Utah Judge Dismisses Lawsuit Over Common Core Adoption


A Utah judge has dismissed a lawsuit alleging that the Utah Board of Education did not take the proper procedural steps when switching to the Common Core State Standards.

Attorneys for the State School Board asked the judge to rule on the suit filed last year. Plaintiffs say the judge ruled only on procedural issues in this ruling, and they will focus on the “underlying issues” of the state’s adoption of Common Core and will present their argument to the court again, says Morgan Jacobsen of Deseret News.

The State School Board adopted the standards in 2010 and integrated them into the state’s educational system over the next few years. But the plaintiffs, six educators and parents, rejoined that there was not a prescribed time frame for public comment, according to a complaint filed in the 3rd District Court.

In a hearing last month, the plaintiffs stated that the standards were “administrative rule” and were required to be subject to the rule-making process, which is a different process from academic standards. They added that the standards were not legitimately placed in schools because the board did not follow the rule-making process.

If the plaintiffs follow the administrative revisions the judge identified, the plaintiffs have the right to file again. Connor Boyack, president of the Libertas Institute, which funded the suit, said the plaintiffs will petition the State School Board. They will appeal again if necessary.

The Common Core standards are an outline of what math and English students are expected to know at each grade level. The Obama administration proposed the adoption of the college- and career-ready standards and offered incentives to states that opted to use them, according to Benjamin Wood, writing for The Salt Lake Tribune.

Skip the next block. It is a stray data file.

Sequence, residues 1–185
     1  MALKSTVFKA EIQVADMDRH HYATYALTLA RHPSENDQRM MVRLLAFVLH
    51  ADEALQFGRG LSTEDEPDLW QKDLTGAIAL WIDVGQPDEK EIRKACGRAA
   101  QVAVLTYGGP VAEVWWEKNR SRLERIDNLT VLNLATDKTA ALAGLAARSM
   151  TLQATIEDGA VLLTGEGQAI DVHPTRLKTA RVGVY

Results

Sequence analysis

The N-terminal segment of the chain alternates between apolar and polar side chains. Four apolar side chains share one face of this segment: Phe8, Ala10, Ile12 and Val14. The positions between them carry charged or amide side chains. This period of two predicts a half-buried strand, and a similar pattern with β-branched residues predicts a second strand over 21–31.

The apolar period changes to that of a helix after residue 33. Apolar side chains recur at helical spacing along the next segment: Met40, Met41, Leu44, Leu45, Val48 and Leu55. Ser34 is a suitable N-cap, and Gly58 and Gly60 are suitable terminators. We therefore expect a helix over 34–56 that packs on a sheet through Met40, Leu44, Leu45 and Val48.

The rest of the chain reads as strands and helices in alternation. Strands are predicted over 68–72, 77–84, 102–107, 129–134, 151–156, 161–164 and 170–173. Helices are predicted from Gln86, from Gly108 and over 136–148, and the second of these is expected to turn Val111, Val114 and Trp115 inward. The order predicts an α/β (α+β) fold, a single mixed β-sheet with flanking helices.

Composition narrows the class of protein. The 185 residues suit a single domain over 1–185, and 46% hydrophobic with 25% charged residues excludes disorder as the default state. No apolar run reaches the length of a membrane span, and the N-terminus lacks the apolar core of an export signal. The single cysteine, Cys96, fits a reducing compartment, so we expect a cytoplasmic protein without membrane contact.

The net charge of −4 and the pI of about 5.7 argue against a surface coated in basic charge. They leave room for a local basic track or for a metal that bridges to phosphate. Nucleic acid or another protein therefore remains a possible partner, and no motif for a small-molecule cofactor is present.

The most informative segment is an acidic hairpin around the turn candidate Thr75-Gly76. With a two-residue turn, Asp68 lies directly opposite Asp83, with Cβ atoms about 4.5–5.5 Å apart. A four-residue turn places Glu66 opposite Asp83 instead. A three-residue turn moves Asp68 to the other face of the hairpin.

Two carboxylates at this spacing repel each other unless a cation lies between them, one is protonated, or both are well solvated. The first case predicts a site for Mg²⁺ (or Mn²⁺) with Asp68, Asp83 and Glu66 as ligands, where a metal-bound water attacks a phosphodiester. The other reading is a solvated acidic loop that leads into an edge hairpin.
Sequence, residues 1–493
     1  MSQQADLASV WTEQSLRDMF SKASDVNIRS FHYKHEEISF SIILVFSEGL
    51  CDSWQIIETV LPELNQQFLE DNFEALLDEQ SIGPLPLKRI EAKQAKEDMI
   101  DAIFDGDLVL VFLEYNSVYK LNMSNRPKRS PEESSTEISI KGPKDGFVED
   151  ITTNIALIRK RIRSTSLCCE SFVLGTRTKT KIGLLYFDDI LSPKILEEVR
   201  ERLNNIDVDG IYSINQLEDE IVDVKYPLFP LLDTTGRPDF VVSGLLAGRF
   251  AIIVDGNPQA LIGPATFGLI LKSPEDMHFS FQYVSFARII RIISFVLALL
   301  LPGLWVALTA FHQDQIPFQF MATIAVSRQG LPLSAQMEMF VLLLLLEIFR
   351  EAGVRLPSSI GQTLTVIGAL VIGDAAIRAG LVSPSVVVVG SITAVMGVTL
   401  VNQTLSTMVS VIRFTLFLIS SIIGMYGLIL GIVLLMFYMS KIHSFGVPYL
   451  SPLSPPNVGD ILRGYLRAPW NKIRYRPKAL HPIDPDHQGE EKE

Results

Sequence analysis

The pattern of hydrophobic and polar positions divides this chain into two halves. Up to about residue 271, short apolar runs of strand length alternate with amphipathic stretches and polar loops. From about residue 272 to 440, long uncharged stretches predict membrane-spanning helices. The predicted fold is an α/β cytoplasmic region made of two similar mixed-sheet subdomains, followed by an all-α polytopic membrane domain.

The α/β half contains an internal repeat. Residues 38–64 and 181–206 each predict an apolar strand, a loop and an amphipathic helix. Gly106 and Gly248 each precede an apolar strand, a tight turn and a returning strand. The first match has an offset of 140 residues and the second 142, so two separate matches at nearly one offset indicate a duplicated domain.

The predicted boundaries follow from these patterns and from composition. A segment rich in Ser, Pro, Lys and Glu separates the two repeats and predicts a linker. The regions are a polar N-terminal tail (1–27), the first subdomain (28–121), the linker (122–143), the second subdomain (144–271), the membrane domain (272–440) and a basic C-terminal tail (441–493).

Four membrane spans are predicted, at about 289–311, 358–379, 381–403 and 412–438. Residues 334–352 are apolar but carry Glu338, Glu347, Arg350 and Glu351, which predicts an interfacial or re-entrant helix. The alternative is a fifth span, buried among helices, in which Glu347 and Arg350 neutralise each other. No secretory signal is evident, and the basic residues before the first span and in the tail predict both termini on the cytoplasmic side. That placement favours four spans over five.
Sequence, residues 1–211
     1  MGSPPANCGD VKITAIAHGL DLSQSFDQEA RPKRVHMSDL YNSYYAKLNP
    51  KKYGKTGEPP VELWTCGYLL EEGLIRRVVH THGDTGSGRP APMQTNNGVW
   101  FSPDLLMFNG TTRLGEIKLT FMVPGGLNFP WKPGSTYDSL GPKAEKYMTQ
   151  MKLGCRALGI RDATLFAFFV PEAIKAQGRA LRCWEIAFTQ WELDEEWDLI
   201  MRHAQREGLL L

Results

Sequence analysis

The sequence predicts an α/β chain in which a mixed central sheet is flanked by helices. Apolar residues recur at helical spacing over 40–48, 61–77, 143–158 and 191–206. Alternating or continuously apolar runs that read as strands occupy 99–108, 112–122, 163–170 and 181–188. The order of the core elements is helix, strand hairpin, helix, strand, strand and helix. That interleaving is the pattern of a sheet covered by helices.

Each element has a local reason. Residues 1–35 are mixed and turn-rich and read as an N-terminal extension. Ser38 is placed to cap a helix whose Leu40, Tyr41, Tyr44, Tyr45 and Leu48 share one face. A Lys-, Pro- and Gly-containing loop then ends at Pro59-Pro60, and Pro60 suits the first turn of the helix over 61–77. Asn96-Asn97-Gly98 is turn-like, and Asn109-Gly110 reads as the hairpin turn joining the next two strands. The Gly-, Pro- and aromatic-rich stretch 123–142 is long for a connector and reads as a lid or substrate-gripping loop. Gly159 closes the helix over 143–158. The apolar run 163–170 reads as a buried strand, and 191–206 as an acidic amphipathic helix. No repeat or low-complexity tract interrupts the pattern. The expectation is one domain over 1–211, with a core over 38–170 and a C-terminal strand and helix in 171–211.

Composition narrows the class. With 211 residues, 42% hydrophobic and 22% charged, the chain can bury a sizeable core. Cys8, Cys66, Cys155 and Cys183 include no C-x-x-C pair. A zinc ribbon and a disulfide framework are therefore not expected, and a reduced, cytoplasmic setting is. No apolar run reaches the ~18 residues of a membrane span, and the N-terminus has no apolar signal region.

State leaders, along with national education experts, created the standards, and all but a few states have voluntarily adopted the curriculum. Many believed that the adoption of Common Core threatens local education officials’ authority.

Boyack made a point of noting that the lawsuit did not concern the content or quality of Common Core, but rather the school board’s process used to adopt the standards. The process did not include public opinion input.

Crandall insists that parents and educators did have a chance to express their opinions concerning Common Core before the standards were adopted. The public can still give feedback to the state school board, he added.

The Associated Press reports that the procedural error that caused the dismissal of the case in Judge Paige Petersen’s court was that the plaintiffs did not communicate with the Utah State Board of Education before they sued. Petersen, however, did leave the door wide open for the case to be re-filed.

In a February article by Morgan Jacobsen of the Deseret News, Utah Gov. Gary Herbert said:

“I’m concerned about the argument back and forth from good people on both sides of the issue, for Common Core, anti-Common Core. But the overarching issue there is the federal overreach,” Herbert said. “We ought to be concerned about it. And certainly, that’s part of this education conundrum that we’re a part of today.”

The governor asked for reports in the summer of 2014 to establish federal involvement in state education standards and the value of the standards in general. The reports found that the standards did not give local control of the state’s education system to the federal government, and a committee of local education experts found that the standards are more rigorous than the previous state standards. Best practices and solid research were the foundations of the curriculum, and the education requirements in the standards were deemed adequate to prepare students for higher education – if properly implemented.